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Goldilocks Principle Wrong for Particle Assembly: Too Hot & Too Cold Is Just Right

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Microscopic particles that bind under low temperatures will melt as temperatures rise to moderate levels, but re-connect under hotter conditions, a team of New York University scientists has found. Their discovery points to new ways to create “smart materials,” cutting-edge materials that adapt to their environment by taking new forms, and to sharpen the detail of 3D printing.

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Over-Organizing Repair Cells Set the Stage for Fibrosis

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The excessive activity of repair cells in the early stages of tissue recovery sets the stage for fibrosis by priming the activation of an important growth factor, according to a study in The Journal of Cell Biology.

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National Italian American Foundation's Annual Gala Weekend in Washington DC Hosts the Medical Conference of the Sbarro Health Research Organization

he Sbarro Health Research Organization, Inc. (SHRO), in collaboration with the National Italian American Foundation (NIAF), Temple University's College of Science and Technology and the Giovan Giacomo Giordano Foundation, will organize the medical conference "Bioinnovation: towards new treatment of disease in Biopharma and Academia" that will be held in the Jay Room of the Washington Hilton Hotel in Washington, DC. on October 25th 2014 from 2:00 to 4:00PM .

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A reporter's PressPass is required to access this story until the embargo expires on 20-Oct-2014 10:00 AM EDT

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Males with IBS Report More Social Stress Than Females

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One of the few studies to examine gender differences among patients with irritable bowel syndrome (IBS) has found that males with the condition experience more interpersonal difficulties than do females with the condition.

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Highly Connected CEOs More Likely to Broker Mergers and Acquisitions That Harm Firms

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A new study shows that CEOs with extensive social connections initiate mergers and acquisitions more frequently, and these deals result in greater financial losses for both the acquiring firm and the combined entity.

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3-D Printed Facial Prosthesis Offers New Hope for Eye Cancer Patients Following Surgery

Researchers have developed a fast and inexpensive way to make facial prostheses for eye cancer patients using facial scanning software and 3-D printing, according to findings released today at AAO 2014, the 118th annual meeting of the American Academy of Ophthalmology. Their novel process can create more affordable prosthetics for any patients who have hollow sockets resulting from eye surgery following cancer or congenital deformities.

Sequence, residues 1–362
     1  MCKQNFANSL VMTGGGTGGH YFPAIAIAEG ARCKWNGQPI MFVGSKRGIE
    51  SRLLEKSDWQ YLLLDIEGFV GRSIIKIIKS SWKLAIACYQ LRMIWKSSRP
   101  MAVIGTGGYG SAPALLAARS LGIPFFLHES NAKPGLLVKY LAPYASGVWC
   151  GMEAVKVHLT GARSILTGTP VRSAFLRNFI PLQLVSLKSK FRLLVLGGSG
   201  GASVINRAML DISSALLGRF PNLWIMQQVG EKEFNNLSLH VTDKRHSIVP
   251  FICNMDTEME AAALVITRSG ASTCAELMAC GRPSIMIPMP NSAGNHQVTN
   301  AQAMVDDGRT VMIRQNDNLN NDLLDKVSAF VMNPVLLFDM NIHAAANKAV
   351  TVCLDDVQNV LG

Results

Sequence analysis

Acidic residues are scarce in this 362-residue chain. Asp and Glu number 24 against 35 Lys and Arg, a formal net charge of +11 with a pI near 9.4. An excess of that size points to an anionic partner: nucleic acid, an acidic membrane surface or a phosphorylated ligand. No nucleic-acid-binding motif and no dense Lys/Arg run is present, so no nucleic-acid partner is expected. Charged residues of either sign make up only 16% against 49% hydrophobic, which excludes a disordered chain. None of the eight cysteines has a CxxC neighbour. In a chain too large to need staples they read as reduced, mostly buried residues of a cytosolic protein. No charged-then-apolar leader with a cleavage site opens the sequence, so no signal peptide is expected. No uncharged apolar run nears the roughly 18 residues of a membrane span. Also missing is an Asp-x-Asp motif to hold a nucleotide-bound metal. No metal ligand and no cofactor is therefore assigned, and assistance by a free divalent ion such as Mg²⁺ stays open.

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iPad Screenings Effective for Detecting Early Signs of Glaucoma in Underserved, High-Risk Populations

Using a tablet screening app could prove to be an effective method to aid in the effort to reduce the incidence of avoidable blindness in populations at high-risk for glaucoma with limited access to health care, according to a study released today at AAO 2014, the 118th annual meeting of the American Academy of Ophthalmology. In this study, researchers from the University of Iowa, the University of Maryland, Johns Hopkins University, the University of Michigan and the Tilganga Eye Institute in Nepal used a free peripheral vision assessment app to screen approximately 200 patients in Nepal for glaucoma using an iPad®. The results show promise for screening populations that have limited or no access to traditional eye care and certain ethnic groups that have a high risk of developing the disease.

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A reporter's PressPass is required to access this story until the embargo expires on 21-Oct-2014 8:00 AM EDT

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ACG 2014 Virtual Press Briefing: Fecal Microbiota Transplantation and C. difficile

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This year the College offers a series of pre-recorded virtual press briefings which feature the insights of leading gastroenterology experts on several key abstracts that will be unveiled at ACG 2014 in the areas related to fecal microbiota transplantation and C. difficile.

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